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CapitaLand H1 profit plunges 89% to S$96.6m on Covid-19 restrictions, tenant support

CAPITALAND posted an 89 per cent drop in net profit to S$96.6 million for the six months ended June 30, 2020 from S$875.4 million a year ago.

This was mainly due to the impact of Covid-19 measures on its residential, retail and lodging businesses, the real estate giant said in a regulatory filing on Friday.

CapitaLand's residential sales offices were forced to close, non-essential retail trades were unable to operate, and the occupancy of its lodging assets fell due to travel restrictions, it said. Tenant support measures in various markets, including government-mandated landlord obligations and the group’s own initiatives, were also a factor.

Earnings per share stood at 1.9 Singapore cents for the half year, down from 21 cents a year ago.

Revenue for H1 fell 4.9 per cent to S$2.03 billion, from S$2.13 billion a year ago. This was mainly due to about S$158.6 million in rent rebates granted by landlords to tenants in Singapore, China and Malaysia, and lower contributions from the group's malls, residential projects and lodging businesses amid the pandemic.

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The decrease was partially mitigated by consolidation of the Raffles City Chongqing project, and contributions from the Ascendas and Singbridge portfolio CapitaLand acquired in June 2019 - which contributed S$341.5 million to group revenue for H1.

CapitaLand's group chief executive Lee Chee Koon said the company's balance sheet "remains in a strong position" and its long-term growth strategy is "intact".

"We are on an active lookout for counter cyclical opportunities that will strategically uplift CapitaLand’s growth trajectory," he said.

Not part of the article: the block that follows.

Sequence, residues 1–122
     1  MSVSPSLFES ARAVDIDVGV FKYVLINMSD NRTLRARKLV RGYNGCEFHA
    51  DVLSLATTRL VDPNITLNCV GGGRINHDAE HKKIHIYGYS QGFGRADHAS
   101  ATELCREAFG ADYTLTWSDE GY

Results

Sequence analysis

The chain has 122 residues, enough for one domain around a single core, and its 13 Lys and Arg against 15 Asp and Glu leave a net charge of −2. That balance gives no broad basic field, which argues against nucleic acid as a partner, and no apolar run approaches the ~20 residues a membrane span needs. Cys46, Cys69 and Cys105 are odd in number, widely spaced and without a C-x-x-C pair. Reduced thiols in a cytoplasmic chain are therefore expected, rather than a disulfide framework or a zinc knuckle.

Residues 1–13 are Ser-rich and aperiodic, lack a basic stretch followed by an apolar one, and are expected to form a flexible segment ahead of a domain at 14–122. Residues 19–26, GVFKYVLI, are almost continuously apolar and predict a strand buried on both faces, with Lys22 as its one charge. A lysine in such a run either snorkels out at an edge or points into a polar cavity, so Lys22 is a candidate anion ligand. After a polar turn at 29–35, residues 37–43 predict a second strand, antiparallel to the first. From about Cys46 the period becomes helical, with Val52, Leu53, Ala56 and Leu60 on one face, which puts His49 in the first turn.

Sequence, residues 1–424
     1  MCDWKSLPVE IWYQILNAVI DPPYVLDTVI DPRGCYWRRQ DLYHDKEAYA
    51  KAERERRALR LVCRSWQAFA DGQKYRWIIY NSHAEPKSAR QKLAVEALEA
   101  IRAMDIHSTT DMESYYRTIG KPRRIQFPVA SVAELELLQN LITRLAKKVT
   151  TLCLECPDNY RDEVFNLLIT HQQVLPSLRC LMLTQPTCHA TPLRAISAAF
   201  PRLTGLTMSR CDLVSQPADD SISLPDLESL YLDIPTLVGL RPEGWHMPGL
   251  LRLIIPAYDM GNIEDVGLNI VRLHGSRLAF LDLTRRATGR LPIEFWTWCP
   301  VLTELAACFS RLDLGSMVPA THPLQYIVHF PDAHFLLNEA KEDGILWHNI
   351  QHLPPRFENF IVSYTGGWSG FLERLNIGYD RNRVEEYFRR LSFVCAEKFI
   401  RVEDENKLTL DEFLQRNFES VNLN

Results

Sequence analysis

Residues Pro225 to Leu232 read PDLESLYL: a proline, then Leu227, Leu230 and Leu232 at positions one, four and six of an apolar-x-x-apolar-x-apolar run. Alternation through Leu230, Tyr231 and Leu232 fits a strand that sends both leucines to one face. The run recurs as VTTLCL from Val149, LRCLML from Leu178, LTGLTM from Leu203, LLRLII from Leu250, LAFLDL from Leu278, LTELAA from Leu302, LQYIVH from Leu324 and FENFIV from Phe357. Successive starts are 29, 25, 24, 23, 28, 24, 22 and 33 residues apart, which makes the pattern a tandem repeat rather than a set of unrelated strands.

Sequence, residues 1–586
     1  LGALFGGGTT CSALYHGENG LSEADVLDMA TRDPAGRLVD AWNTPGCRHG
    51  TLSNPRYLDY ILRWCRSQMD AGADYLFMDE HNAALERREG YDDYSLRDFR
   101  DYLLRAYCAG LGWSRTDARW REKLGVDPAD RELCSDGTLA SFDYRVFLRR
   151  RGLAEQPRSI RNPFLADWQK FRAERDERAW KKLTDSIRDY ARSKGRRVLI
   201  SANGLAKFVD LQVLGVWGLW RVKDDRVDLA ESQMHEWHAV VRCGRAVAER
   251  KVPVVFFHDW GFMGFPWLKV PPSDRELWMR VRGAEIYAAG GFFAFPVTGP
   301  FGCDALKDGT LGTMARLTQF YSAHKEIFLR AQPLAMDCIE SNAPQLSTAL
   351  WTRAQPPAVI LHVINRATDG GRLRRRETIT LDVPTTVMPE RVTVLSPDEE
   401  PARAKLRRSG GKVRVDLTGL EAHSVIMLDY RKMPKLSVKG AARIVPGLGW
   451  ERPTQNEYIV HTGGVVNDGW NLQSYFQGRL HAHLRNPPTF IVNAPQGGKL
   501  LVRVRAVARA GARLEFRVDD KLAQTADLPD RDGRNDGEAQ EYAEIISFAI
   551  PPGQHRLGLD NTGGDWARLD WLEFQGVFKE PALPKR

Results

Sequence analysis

Asset recycling remains a key driver for the company's return on equity, and it will look to opportunistically divest non-core assets and businesses, Mr Lee added. Its S$3 billion annual capital recycling target remains unchanged, although progress slowed in 1H2020 due to the pandemic.

In response to a question on how demand for office space might shift post-Covid, Mr Lee said in a virtual webcast on Friday that he expects offices to remain relevant, although there could be some changes stemming from safe-distancing efforts and work from home (WFH) arragements. He added: “Big companies may reduce space by 5 to 10 per cent to cater to some WFH arrangement but at this point in time it’s hard to tell.”

No dividend was declared for the half year, unchanged from a year ago. CapitaLand pays only first and final dividends.

With the ongoing headwinds, CapitaLand is deferring unnecessary capital expenditure and is taking efforts to watch staff costs quite significantly, Mr Lee highlighted. Since April 1, its board members and senior management have taken cuts of 5 to 15 per cent in their board fees and base salary respectively, while staff at managerial level and above have seen their wages frozen.

He said: "The company’s philosophy is that in times of crisis, we cut costs to save jobs and not cut jobs to save costs. Having said that, we need to run a competitive company. Reorganising ourselves to make sure we are competitive and relevant for the future is something we will do in both good and bad times. It’s not just dealing with the crisis. it’s preparing the company for the future.” He added that this could include considering whether to outsource certain functions and looking at employee performance, something that it does regularly.

CapitaLand shares ended Thursday at S$2.74, down 0.73 per cent or S$0.020.


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